My name is Liam, and I began my recovery journey with Acorn by attending their Pre D.E.A.P. programme. The programme is a six week intervention for clients who are being supported on maintenance medication or still undecided if they want to address their issues to a greater extent.
REHABILITION PROCESS AND RECOVERY:
I was initially defensive and mistrusting of others, which sometimes extended to the therapeutic process itself. I often wore a mask in an attempt to hide how broken and full of shame I actually was. I had many issues with regards to my alcoholism/substance abuse lifestyle, detailing a lot of serious consequences to myself and my loved ones. My addiction, combined with my chaotic life style, contributed to the very low view I had of myself, which was ultimately destructive.
I explained that I had endured an up and down childhood, and felt a lot of pressure at home due to the volatile nature of my parent’s relationship. I witnessed incidents of domestic violence and was also a victim of this myself at points during my childhood. I then disclosed to being the victim of sexual abuse from a trusted family friend. This left me feeling very confused and mistrusting. I have two children of my own and have had little to no contact with either my son or daughter. However, I have maintained contact with my daughter despite my own escalating drug and alcohol use and time in prison.
There were many different factors to work through during my time in treatment such as rejection/abandonment issues from my father, low self-esteem/self-worth originating in childhood sexual trauma I had been subjected to on different occasions by different perpetrators. All of these thoughts and feelings were compounded during my journey through addiction and had a profound effect on how I conducted myself in my own relationships. I had experienced various levels of despair and depression due to my exposure to addiction, and I admitted to feeling suicidal at times; I had spent time in prisons and mental health units as a result of these feelings.
My life-story is one of sadness, rejection and abandonment. I do recall reacting badly when being informed by my sister that she too had been sexually abused by one of the people who had abused me. I had felt responsible for this, believing that if I had taken action then my sister would not have endured the same trauma I did. This was a major contributing factor behind my lack of self-worth, low self-esteem and feelings of self-loathing.
I found myself increasingly able to demonstrate a shift in my thinking that allowed me some acceptance. I was able to acknowledge my trauma and the trauma experienced from my family’s view point. I have explored all family relationships, past and present, and my outlook around relationships and events. I focused on the emotional and mental consequences my lifestyle has had on my relationships, with emphasis being placed on my long-term relationship. This includes the impact that several miscarriages had on me personally, and the uncertainty I carry about whether I am actually the father to my ex-partner’s son. This has included taking responsibility for the similarity in this child’s life with my own, and the potential for a systemic pattern being formed.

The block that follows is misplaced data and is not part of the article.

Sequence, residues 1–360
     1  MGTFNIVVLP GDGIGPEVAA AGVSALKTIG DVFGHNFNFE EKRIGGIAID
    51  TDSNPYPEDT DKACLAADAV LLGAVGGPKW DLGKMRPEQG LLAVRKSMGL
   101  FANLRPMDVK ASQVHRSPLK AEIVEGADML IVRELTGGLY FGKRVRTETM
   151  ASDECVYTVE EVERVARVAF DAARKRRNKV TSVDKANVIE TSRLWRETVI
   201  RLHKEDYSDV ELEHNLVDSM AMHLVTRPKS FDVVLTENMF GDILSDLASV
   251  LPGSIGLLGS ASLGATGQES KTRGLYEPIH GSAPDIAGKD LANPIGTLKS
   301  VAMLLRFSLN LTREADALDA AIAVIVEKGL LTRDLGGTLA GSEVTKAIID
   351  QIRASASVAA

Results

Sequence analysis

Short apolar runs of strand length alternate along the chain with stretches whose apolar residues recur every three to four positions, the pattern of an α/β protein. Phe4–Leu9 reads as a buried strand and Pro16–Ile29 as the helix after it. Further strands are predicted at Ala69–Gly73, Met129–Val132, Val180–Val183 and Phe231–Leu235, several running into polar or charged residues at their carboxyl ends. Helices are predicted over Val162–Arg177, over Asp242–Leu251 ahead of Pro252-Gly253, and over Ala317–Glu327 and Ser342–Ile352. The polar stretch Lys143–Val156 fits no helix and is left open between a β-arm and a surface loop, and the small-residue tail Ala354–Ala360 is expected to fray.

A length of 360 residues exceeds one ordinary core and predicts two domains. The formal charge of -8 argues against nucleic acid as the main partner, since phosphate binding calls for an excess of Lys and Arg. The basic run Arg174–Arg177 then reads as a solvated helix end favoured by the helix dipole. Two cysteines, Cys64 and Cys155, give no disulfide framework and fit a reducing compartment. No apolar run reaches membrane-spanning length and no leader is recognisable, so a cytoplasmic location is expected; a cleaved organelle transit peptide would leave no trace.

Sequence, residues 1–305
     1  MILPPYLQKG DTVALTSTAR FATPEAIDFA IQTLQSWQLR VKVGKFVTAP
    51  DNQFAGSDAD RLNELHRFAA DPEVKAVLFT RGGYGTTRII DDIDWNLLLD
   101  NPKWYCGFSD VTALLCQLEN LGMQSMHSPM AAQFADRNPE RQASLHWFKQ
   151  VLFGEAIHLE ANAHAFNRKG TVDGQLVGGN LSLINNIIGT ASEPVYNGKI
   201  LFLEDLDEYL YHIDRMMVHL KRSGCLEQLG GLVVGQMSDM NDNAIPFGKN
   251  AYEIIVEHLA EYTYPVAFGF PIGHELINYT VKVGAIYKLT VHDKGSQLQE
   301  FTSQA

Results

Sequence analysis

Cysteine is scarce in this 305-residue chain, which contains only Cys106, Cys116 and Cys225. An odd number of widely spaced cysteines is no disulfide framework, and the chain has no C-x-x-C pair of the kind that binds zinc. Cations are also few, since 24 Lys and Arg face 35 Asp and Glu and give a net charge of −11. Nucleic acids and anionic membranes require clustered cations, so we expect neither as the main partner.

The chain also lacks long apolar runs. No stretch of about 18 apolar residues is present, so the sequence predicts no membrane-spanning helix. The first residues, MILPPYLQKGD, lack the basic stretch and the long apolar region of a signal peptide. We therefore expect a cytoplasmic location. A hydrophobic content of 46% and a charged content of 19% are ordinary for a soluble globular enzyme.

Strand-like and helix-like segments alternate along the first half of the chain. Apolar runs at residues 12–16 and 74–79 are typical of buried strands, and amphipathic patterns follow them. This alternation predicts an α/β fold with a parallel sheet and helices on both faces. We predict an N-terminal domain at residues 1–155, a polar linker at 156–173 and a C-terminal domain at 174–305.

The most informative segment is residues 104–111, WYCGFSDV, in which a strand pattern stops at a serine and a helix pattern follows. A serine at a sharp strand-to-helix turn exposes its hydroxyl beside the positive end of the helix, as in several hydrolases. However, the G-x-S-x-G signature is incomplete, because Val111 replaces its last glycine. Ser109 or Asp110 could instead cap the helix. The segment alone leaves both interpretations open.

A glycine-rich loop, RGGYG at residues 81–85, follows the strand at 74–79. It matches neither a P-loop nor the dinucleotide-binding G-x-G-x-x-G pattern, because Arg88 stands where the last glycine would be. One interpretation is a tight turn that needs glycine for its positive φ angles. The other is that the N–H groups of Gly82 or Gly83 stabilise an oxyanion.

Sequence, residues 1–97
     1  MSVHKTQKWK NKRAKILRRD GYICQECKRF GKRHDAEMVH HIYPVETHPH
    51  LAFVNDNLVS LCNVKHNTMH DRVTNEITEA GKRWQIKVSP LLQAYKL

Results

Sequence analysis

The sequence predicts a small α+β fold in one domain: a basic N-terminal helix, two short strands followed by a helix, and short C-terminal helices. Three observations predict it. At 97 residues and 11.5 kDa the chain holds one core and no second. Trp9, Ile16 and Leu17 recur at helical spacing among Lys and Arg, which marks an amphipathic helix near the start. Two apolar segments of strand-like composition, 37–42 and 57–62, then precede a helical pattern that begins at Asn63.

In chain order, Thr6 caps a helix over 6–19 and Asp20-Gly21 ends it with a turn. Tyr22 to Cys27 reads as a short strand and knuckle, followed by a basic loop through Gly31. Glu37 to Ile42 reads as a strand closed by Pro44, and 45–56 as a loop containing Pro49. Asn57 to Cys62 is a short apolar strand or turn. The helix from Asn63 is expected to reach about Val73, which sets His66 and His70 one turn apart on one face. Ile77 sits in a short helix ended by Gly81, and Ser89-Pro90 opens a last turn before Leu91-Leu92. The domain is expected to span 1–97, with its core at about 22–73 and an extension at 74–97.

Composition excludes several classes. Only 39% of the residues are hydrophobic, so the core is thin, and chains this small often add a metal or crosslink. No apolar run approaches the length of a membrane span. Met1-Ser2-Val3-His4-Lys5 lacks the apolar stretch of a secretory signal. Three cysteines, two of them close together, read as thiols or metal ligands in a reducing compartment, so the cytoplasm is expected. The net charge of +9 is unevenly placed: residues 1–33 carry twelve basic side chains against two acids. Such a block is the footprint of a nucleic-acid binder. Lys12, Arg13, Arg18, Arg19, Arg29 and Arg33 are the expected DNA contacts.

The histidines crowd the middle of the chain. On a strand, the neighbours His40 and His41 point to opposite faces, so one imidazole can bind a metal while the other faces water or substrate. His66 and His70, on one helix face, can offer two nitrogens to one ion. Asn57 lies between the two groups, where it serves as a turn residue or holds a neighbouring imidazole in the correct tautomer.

Despite this, I believe I have become an open and willing person. I have opened my mind to the extent of the damage I have caused. I do have the ability to differentiate between shame and guilt, which has afforded me the opportunity to want to rectify and make amends for my mistakes. I have explored the consequences to my family and I have been honest, willing and courageous when looking at how my self-defeating behaviours (in particular my alcohol/drug use) has brought about such serious and long-term consequences, for both myself and my family. This resulted in me taking some extremely courageous steps, the most significant of which concerned my own sexuality and the shame I had attached to myself because of this.
I have genuine remorse when connecting emotionally to certain aspects of my written work. I acknowledged my own resentments and hurt in form of grief letters which I presented to my peer group. The intention was for me to expel some of that anger, suppressed feelings and emotions that I’d held onto for a very long time. I struggled with this concept initially, but my group helped me immensely to move forward and gain some self-forgiveness. In group, I feel I have grown in my ability to communicate, empathise and to take responsibility for my choices and how I can make more positive choices regarding my future. I am aware of the triggers and risks attached if my behaviour and focus were to lapse at some point in the future.
I have felt a positive change in myself which is reflected in the care I have for new members of the centre, whether this is in group or in the accommodation where I reside. During this time in treatment, I think I have grown in my ability to reflect on behaviours and their outcomes to myself and my family. I have become aware that I have choices, and it is my responsibility to make the right choices for the right reasons. As my treatment has progressed, I have found a determination and willing within myself.
RECOVERY MAINTAINENCE/RELAPSE PREVENTION:
I believe that I am equipped with all the necessary tools and coping strategies I will need to maintain long-term abstinence. Whilst it is important to note that abstinence and sobriety cannot be guaranteed, I am aware of my triggers and positive solutions to help my move away from potential relapse situations.